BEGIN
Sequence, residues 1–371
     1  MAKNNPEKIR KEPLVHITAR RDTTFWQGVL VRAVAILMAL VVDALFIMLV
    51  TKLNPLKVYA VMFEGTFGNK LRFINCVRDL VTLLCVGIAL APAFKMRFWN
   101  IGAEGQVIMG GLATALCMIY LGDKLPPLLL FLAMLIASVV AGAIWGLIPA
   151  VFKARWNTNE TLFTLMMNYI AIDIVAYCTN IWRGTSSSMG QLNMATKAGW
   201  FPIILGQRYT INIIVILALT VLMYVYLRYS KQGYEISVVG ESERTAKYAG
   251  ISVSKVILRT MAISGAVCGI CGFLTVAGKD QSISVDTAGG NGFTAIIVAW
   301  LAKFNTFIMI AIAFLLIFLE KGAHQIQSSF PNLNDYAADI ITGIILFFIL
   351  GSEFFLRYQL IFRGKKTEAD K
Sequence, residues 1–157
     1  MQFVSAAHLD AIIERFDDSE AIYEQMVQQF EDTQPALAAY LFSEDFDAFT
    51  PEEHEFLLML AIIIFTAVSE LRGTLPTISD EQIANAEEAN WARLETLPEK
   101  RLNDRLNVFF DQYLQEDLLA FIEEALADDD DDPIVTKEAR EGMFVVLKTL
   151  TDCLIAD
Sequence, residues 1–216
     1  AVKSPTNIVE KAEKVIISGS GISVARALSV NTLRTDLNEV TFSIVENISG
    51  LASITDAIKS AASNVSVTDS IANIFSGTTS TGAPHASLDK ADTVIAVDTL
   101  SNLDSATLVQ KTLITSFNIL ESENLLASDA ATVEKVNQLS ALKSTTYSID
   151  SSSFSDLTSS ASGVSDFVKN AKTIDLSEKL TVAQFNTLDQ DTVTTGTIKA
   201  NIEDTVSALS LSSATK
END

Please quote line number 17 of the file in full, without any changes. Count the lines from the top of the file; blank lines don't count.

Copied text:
    51  LASITDAIKS AASNVSVTDS IANIFSGTTS TGAPHASLDK ADTVIAVDTL